Semipalmated Sandpipers in Western OR (July 20 and 25, 2010)

Quite often it doesn’t require a real crisp picture to demonstrate the field marks of a species. Just looking at the bill almost clinches the id of this Semipalmated Sandpiper. Thick at the base, short, straight and blob-tipped. The breast is nicely streaked which hints of this bird being an adult. This bird was photographed at Fernhill Wetlands on 7/20/10.

The next set with 2 different birds is from Bayocean Spit near Tillamook, OR. Taken on 7/25/10 at high tide.

These are juvenile Semipalmated Sandpipers since there is essentially no streaking on the breast. The semipalmated (half-webbed) feet can be seen well. The legs are partially olive, another trait of the juvenile bird molting into winter plumage. The streaking on the back is crisp and there is a little buff color in the fringes. The supercilium is clearly defined on all birds.


July 4th 2010 trip to the Okanogan

Now, why would this Clark’s Nutcracker be so upset? Well, he really didn’t like my Pygmy-Owl calls.

Guess why this picture is so small: Ok, it is a crappy picture …

This Boreal Chickadee was a much better attempt …

In the right habitat, Gray Catbirds are very common.

Now, how small is the bill of a Least Flycatcher? Tiny indeed.

A singing Northern Waterthrush on a wire is always a special treat!

You can’t come home from the Okanogan without a Three-toed Woodpecker.

Here more details from my trip:

Scopeless and mostly without iPod speakers I found myself in the Okanogan this weekend. Here the highlights:

-Grasshopper Sparrow (3 singers at the degraded habitat about 1.4mi up Soap Lake Rd)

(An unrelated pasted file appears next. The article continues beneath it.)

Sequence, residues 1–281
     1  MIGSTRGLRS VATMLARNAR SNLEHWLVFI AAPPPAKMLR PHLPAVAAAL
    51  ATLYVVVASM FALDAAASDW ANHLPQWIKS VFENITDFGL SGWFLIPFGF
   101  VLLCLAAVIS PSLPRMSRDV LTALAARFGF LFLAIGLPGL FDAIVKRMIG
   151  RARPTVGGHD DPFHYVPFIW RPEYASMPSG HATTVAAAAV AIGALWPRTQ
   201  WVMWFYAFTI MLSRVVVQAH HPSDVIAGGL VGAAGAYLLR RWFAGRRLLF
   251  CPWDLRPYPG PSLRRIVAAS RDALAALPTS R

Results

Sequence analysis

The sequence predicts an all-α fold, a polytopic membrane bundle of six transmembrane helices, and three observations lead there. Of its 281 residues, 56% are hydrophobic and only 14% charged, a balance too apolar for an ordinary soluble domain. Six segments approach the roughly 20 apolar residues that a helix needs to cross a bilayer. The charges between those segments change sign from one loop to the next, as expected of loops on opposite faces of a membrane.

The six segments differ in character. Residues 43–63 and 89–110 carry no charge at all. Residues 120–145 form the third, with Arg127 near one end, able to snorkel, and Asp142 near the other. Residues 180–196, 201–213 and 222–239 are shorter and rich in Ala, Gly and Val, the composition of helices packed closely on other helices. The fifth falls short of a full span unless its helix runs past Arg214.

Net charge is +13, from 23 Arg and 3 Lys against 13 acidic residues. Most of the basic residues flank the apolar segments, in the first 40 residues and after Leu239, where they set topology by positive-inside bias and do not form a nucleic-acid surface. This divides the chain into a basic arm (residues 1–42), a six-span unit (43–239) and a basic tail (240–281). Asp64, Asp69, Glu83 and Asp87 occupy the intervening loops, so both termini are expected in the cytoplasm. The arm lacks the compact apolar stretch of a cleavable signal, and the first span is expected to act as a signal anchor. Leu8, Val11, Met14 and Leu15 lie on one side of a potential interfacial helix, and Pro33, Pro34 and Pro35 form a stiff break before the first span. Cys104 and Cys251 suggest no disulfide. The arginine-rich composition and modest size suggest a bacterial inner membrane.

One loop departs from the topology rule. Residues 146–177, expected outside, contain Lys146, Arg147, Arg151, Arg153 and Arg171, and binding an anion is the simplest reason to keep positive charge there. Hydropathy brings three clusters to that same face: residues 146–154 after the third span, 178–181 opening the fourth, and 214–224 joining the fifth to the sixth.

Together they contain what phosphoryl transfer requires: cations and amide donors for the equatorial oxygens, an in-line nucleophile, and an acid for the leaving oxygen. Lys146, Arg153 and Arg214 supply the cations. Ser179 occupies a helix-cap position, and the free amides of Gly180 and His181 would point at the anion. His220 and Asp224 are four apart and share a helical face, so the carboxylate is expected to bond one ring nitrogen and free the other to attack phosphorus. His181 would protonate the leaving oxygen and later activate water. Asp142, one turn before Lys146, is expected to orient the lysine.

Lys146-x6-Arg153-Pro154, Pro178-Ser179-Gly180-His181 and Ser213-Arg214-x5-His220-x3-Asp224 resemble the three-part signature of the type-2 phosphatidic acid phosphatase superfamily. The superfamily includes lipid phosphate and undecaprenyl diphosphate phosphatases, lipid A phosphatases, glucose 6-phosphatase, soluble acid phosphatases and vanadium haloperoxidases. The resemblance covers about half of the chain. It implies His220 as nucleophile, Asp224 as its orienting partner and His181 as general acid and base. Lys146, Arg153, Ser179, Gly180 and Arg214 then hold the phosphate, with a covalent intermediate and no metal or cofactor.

-Black Swift (2 at little park at the mouth of Okanogan River at the Cassimer Bar)
-Three-toed Woodpecker (2 in burn just SE of Lone Frank Pass off FR38; this is the first burnt area coming up from Conconully)
-Black-backed Woodpecker (1 flyover just north of MP22 of FR39)
-Boreal Chickadee (several within the first 2 miles of the cattle guard off FR38 above Salmon Meadows – this cattle guard is 3.8mi from the Salmon Meadows CG)
-Pine Grosbeak (1 about 1.2mi past cattle guard off FR38 above Salmon Meadows)
-Bobolink (3 males 0.7mi into Fancher Rd off Tonasket Havillah Rd)
-Purple Finch (1 at Ellisford Bridge)
-Bewick’s Wren (1 at bridge in Nespelem at Chevron station)
-Red-eyed Vireo (1 at bridge in Nespelem at Chevron station, 2 see below)
-Northern Waterthrush (2 at bridge in Nespelem at Chevron station, 1 see below)
-American Redstart (2 see below)
-Common Poorwill (several at night NE of Nespelem)
-Least Flycatcher (2 chebecking birds at Cassimer Bar; see Opperman for access; this is NOT the little park at the mouth of the Okanogan River)

Other notes:

-FR38 has been regraded, so it is now easily possible to drive from Conconully to the wastelands of FR39 via Lone Frank Pass with a normal passenger car
-While searching unsuccessfully for Clay-colored Sparrow along Cache Creek Rd east of Nespelem, a Black Bear was definitely more worried running into me than me running into him

-Rebecca Lake south of Nespelem is a very active spot. I didn’t have a lot of time to explore, but several loud Yellow-breasted Chats were singing. There is a large marsh as well
-A great riparian spot north of Nespelem (with easy waterthrush and redstart) avoiding the traffic along 155 in Nespelem near the Chevron station is accessed via Park City Loop Rd  (BIA2056)  just NW of Nespelem. Stay on the paved road until it curves back south again towards Nespelem. The riparian area with 2 little bridges is obvious. This loop road funnels back into 8th St in Nespelem
-2 summering basic plumaged loons were at Washburn Island near the Cassimer Bar. Also, there are many mosquitos …
-Sunday evening I found myself at Moses Meadows off Lyman Lake Rd. The habitat looked interesting for Great Gray Owl. Has anybody seen them up there? Moses Mtn had the best radio reception of the trip, but not many birds.
-Thanks to Kraig Kemper for his tips on Nespelem